Universal Hub

State Medal of Valor awarded to two Hampden County sheriff’s corporals

Here’s some welcome (and well-earned) good news about police officers in Massachusetts, via MassLive: “Two corporals from the Hampden County Sheriff’s Department were awarded the state Medal of Valor on Tuesday for courageous actions which likely saved the life of a distressed person in the department’s care. Hampden County Sheriff’s Department corporals Ian McCollum and Fernando ‘Freddy’ Amaral were honored for going above and beyond the call of duty at the 22nd annual Correctional Employee of the Year ceremony at the State House.”


Baker nominates public safety aide for judgeship

This isn’t the first administration official to get a court nod – and probably won’t be the last. From SHNS’s Matt Murphy (pay wall): “One of the Baker administration’s senior public safety officials, who has worked on everything from the opioid crisis to impaired driving, was nominated by Gov. Charlie Baker for a judgeship on Wednesday. The nomination of Jennifer Queally, undersecretary for law enforcement in the Executive Office of Public Safety and Security, for a circuit judgeship at the District Court was one of two new judicial nominations made by the governor.”

Troubling sign? MGM Springfield says April revenue fell 15 percent

Hmm. MGM Springfield says gamblers dropped $21.8 million at its slots and table games in April, a 15 percent decrease from the month before as the state’s only full-fledged resort casino braces for the arrival of Encore Boston in a matter of weeks. MGM said it was “pleased” with its “overall performance,” but Jim Kinney of MassLive reports the casino is only falling further behind its pre-opening projections, which predicted nearly $35 million in monthly gross gaming revenue.


JALSA 2019 Annual Meeting

The Jewish Alliance for Law and Social Action is devoted to engaging the community in promoting civil rights, protecting civil liberties and achieving social, economic, racial, and environmental justice.


Massachusetts Clean Community Awards Gala

The Massachusetts Clean Community Awards Gala recognize volunteers, nonprofit leaders, government leaders, businesses, and educators for exceptional environmental protection and community improvement efforts. This celebration will be chock full of inspiring stories, good food, drink, and entertainment! WCVB news anchors Emily Riemer and Ben Simmoneau will emcee the event.

Keep Massachusetts Beautiful

The Fletcher School Class Day Ceremony address

The Fletcher School is welcoming Susan Rice, former U.S. National Security Advisor and former U.S. ambassador to the United Nations, will deliver the Class Day speech at The Fletcher School of Law and Diplomacy at Tufts University on Saturday, May 18.

The Fletcher School

Conversation in Civic Innovation: The Role of Apprenticeships in the MA Innovation Economy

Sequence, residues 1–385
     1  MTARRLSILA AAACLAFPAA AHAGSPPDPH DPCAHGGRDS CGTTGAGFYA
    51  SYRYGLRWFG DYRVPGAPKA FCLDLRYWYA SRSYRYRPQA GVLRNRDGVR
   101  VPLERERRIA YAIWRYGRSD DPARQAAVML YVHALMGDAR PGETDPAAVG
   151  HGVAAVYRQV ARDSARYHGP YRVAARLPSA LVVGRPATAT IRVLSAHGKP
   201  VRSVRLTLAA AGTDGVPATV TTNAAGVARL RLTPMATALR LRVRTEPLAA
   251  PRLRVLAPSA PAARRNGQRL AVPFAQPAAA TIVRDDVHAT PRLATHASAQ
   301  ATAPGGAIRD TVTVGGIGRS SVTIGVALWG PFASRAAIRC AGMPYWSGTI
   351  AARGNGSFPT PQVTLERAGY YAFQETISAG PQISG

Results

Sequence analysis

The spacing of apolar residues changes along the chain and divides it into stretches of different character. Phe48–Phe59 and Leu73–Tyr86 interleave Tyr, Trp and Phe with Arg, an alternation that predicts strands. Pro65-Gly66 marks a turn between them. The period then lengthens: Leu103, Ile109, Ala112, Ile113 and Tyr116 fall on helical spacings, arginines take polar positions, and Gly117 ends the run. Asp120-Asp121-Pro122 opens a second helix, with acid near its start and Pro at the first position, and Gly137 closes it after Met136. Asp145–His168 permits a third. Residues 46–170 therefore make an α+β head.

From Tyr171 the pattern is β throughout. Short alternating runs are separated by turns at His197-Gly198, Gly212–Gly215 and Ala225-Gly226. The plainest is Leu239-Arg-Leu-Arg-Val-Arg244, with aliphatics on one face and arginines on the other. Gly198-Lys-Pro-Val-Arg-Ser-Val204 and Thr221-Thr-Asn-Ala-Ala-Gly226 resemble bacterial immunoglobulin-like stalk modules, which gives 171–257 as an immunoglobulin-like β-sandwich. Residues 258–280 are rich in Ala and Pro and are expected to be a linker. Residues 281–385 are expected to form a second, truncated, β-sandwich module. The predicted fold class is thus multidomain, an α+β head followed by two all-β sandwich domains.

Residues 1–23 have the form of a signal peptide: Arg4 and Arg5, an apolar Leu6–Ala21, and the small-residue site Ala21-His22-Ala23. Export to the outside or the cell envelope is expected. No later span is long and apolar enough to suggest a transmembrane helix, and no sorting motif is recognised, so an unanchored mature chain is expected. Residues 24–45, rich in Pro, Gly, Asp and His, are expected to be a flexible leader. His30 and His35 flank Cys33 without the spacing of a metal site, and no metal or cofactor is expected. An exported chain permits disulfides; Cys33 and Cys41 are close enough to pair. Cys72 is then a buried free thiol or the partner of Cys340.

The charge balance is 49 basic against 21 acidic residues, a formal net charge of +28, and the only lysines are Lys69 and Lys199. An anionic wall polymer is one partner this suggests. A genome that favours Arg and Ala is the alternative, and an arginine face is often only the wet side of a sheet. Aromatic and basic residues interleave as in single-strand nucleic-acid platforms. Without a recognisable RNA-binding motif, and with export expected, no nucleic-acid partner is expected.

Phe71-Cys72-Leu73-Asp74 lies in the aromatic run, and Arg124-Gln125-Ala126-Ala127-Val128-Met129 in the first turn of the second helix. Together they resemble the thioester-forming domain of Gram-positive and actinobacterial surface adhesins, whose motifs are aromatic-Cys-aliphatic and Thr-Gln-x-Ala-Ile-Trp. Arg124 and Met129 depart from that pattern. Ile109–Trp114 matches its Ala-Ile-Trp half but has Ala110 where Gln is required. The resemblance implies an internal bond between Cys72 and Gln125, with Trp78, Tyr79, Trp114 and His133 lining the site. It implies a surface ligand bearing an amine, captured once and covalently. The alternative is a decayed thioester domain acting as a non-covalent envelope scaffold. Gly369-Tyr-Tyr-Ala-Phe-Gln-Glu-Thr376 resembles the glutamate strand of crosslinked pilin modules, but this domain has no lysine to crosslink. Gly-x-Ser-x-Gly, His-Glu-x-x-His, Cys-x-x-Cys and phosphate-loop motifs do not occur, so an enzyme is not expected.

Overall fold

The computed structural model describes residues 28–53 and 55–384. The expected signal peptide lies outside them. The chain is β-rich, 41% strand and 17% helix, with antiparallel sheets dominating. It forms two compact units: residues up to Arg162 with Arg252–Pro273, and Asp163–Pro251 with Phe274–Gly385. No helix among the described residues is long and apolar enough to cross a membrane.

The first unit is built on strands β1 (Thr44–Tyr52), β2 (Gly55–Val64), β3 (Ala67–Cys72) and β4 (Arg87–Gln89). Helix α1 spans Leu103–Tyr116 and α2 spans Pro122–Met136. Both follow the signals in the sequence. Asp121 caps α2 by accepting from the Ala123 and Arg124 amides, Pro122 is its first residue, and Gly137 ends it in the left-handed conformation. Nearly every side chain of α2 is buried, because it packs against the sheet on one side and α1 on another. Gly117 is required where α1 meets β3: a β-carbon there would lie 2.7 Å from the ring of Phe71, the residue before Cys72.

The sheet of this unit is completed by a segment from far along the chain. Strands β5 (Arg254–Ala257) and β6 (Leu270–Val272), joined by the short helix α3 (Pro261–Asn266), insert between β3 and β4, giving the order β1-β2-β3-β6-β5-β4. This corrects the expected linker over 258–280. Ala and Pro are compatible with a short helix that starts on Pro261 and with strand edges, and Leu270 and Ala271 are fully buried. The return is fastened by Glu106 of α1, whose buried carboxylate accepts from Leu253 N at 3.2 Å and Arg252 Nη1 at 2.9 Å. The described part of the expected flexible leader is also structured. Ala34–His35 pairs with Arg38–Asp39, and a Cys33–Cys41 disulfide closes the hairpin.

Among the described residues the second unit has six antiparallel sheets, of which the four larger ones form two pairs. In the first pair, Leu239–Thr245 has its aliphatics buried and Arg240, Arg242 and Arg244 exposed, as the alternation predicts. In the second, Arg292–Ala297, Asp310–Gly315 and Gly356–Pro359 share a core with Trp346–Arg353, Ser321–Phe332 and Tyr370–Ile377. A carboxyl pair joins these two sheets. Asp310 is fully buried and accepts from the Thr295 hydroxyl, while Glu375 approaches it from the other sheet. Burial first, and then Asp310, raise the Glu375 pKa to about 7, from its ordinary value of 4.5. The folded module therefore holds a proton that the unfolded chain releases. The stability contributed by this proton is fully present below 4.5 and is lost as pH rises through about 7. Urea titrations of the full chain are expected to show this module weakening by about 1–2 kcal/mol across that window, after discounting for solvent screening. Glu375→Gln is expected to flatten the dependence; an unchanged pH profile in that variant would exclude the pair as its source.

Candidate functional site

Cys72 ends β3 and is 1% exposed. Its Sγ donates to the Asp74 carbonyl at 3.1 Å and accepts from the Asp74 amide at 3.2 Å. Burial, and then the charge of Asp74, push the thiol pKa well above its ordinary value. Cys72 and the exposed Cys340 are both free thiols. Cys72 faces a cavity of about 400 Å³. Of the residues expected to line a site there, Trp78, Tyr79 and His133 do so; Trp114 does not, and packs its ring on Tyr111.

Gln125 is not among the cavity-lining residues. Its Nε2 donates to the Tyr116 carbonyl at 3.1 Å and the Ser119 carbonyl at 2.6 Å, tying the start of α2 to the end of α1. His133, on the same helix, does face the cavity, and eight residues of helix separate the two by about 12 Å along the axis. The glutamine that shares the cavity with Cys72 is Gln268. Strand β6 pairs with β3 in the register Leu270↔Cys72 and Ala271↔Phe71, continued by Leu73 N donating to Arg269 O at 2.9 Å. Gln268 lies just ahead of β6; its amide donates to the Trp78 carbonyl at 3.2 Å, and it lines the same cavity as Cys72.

Is there another path to preparing candidates for tech careers? Apprenticeships have served as a thoughtful method of workforce development in the US for decades. In Europe apprenticeships have evolved to support careers in the innovation economy. Some states in the US – South Carolina and Washington state – are thinking about how apprenticeships can help prepare more candidates for tech jobs.

District Hall

NAIOP/SIOR Mid-Year Market Roundup

Please join NAIOP and SIOR for one of the industry’s premier market forecasts. Explore the drivers and market fundamentals behind the statistics, including trends, new growth areas and a general outlook for the future.

NAIOP Massachusetts & SIOR New England

Old North Speaker Series: James Farrell – The Child Independence is Born

Did the Revolution begin with the writs of assistance trial? To answer that question, we will review the purpose and function of writs of assistance within the political, legal, and economic environment of colonial Massachusetts, and discuss the constitutional dispute over writs of assistance in the 1761 trial.

Old North Foundation

Today’s Headlines


Boston councilors seek crackdown on e-cigarettes – Universal Hub

City council, BPD hope to get in front of summer violence – Boston Herald


Swastikas found at schools in Westwood, Sharon – Boston Globe

Northampton teachers announce work-to-rule over stalled contract talks – Daily Hampshire Gazette

In wake of mascot vote, Mohawk parent files open meeting complaint – Greenfield Recorder


Frustrated GOP senators want answers from Trump on Iran – The Hill

Net operating income of Trump’s most lucrative hotel drops 69 percent over two years – Salon

How to Contact MASSterList

Send tips to Matt Murphy: Editor@MASSterList.com. For advertising inquiries and job board postings, please contact Dylan Rossiter: Publisher@MASSterList.com or (857) 370-1156. Follow @MASSterList on Twitter.

Subscribe to MASSterList

Start your morning with MASSterList’s chronicle of news and informed analysis about politics, policy, media, and influence in Massachusetts. Plus, get an inside look at Beacon Hill’s hottest new job postings.